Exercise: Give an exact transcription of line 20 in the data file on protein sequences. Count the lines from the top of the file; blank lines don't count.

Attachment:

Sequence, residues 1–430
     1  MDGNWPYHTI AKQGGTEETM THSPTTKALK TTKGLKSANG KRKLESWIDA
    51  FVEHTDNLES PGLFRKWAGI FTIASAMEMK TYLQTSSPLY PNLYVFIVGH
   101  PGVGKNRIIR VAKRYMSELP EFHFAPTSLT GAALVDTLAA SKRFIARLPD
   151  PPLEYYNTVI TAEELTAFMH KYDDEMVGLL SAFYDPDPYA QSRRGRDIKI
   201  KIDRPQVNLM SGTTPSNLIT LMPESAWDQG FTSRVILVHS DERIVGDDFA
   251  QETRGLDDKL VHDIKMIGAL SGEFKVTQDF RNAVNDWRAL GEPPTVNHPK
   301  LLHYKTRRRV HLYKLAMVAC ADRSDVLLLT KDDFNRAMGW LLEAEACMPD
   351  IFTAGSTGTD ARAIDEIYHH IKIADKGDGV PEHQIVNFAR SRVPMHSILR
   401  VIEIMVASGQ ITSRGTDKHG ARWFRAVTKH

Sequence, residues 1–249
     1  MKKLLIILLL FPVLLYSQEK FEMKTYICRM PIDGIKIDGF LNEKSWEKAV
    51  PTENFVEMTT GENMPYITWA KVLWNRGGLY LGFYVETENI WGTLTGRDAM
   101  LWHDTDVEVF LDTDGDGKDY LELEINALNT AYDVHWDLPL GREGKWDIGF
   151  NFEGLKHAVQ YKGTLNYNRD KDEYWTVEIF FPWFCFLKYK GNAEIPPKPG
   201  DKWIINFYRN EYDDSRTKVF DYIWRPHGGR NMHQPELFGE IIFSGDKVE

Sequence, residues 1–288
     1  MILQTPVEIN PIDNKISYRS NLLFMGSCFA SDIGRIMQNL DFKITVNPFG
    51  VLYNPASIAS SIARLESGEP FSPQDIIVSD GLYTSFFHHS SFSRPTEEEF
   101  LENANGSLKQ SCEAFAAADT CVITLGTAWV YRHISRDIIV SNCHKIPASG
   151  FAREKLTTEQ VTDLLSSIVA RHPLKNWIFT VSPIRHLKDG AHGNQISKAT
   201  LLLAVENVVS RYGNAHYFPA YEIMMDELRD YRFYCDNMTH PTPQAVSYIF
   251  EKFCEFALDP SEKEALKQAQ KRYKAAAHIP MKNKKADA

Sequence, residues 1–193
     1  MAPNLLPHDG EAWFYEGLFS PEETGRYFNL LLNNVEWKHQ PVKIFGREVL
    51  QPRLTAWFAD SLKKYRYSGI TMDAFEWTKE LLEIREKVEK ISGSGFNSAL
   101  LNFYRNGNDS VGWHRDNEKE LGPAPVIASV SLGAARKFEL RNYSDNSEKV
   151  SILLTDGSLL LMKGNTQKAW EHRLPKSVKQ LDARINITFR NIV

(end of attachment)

   101  LENANGSLKQ SCEAFAAADT CVITLGTAWV YRHISRDIIV SNCHKIPASG